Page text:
Theo Fleury is back in the news again, but thankfully this time it’s not because he’s attempting another NHL comeback. Instead, he’s embarking on a new career: country music.

He’ll be making his live debut Friday night on an appropriate stage, opening for Johnny Reid in the same arena in which he was a star for the Calgary Flames: the Saddledome. The capricious Fleury claims this isn’t just a one-off performance or a novelty, but a long time passion that he plans to take “as far as it’ll go.” To that end, he and his band are intending to record an album later this year.

If you’ve been paying attention, this move shouldn’t come as too much of a surprise.

Fleury made his singing debut in the movie Score: A Hockey Musical, where he made a brief cameo appearance alongside Walter Gretzky. He ended up doing more singing than actual professional singer, Nelly Furtado, who also made a cameo. While Score has its charms, it ultimately isn’t very good, even if its core message of “hockey is really great, you guys” resonates.

As for Fleury’s singing in the film, it’s passable, though it doesn’t help that the song itself isn’t very good and he’s given very little musical accompaniment to work with. It’s meant to be one of the movie’s more serious and inspiring moments, and while Fleury has the gravitas to pull it off, the whole thing feels really awkward and shoehorned in. At the time, though, I gave Fleury props for putting himself out there and actually singing during his cameo. I didn’t realize that singing was actually something he wanted to do for a career.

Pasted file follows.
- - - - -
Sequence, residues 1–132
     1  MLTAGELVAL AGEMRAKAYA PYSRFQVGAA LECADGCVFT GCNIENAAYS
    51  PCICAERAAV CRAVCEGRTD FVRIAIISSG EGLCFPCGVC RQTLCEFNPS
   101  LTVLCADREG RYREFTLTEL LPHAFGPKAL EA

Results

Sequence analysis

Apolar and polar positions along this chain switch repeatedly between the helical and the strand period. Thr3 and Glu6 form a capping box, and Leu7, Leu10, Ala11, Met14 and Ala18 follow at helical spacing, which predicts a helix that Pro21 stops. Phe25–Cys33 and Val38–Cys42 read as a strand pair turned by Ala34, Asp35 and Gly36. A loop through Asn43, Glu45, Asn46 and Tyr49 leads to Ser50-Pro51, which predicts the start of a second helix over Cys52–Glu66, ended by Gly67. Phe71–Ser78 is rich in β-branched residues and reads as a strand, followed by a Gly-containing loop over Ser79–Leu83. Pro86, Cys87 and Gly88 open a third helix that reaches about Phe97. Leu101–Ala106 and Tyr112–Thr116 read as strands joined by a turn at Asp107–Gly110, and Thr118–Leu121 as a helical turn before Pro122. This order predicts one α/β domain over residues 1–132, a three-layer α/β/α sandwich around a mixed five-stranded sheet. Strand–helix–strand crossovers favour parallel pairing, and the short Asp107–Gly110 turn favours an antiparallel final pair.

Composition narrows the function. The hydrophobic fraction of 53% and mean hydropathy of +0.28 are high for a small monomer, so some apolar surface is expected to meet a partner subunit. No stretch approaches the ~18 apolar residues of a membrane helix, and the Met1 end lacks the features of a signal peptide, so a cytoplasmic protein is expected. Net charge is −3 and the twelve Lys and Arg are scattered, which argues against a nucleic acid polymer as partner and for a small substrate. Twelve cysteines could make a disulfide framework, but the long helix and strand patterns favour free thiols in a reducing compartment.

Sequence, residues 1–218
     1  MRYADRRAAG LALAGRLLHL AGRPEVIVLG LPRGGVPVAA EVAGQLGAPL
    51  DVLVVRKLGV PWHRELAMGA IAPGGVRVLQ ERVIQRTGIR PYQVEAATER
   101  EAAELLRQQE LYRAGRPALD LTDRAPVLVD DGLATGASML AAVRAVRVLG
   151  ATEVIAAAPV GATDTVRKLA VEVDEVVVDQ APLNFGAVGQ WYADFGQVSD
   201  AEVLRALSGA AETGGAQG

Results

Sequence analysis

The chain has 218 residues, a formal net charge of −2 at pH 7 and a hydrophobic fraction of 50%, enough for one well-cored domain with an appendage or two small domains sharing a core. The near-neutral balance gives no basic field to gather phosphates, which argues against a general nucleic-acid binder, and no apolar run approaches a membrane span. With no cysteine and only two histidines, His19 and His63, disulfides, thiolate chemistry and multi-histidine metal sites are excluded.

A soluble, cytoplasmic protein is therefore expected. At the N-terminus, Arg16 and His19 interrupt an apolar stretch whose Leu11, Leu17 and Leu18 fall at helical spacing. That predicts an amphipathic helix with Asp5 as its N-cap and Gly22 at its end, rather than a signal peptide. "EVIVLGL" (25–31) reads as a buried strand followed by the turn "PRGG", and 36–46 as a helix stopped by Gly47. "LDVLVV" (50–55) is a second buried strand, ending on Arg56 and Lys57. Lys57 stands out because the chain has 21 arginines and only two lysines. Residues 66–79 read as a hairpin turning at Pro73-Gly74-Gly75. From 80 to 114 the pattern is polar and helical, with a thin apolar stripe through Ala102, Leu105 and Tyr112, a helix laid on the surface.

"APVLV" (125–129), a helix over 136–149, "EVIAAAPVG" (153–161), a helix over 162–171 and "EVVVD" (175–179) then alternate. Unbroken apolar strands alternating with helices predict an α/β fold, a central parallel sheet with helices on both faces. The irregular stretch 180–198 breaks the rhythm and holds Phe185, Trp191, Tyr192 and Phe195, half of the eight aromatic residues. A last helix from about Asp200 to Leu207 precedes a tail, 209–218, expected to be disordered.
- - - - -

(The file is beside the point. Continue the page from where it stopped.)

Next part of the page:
Shortly after Score debuted in theatres, however, came a signal that perhaps Fleury was serious about singer after all. It came at a time when Canada was trying to wrap its collective head around Fleury, the figure skater, as he competed on CBC’s Battle of the Blades. Week 4 was country week, and Fleury chose to skate to a song that he wrote and recorded, called “As the Story Goes.”

You can listen to the song at the top of this post. Since I’m not a fan of country, it doesn’t do a whole lot for me, but I’m not the target audience. To my ear, Fleury has a pretty average voice: it’s not truly bad, but it doesn’t stand out either. You can hear another song, “Farewell,” on his ReverbNation page. He regrettably calls it “hockey tonk,” which is a phrase that needs to die a quick death. It would be a mercy killing, really.

At the very least, it’s better than the Triple Crown Line’s “Forgive My Misconduct.”

If I’ve learned anything from listening to Blake Shelton while watching The Voice, country music isn’t about, ironically enough, the voice. It’s all about storytelling and getting across the emotion of that story. Most of the time, that story is about pain and suffering, which is where you get the old joke that if you played a country song backwards, you get your wife, dog, and truck back and your life is perfect.

I’m not crazy about Fleury’s voice, but the fact is that he has gone through a fair (or unfair, really) amount of pain and suffering in his life, so he has plenty of material to work with. Those pains have been well-documented in his book, a documentary, and a one-man play, all titled “Playing With Fire.” His success or failure in the country music industry will depend on his capabilities as a storyteller more than as a singer.

The Saddledome seems to be the ideal venue for Fleury. Since Calgary loves both him and country music, he’s likely to receive a warm welcome. As for me, my preferred mashup between hockey and music will always be this Whose Lines Is It Anyway? classic:

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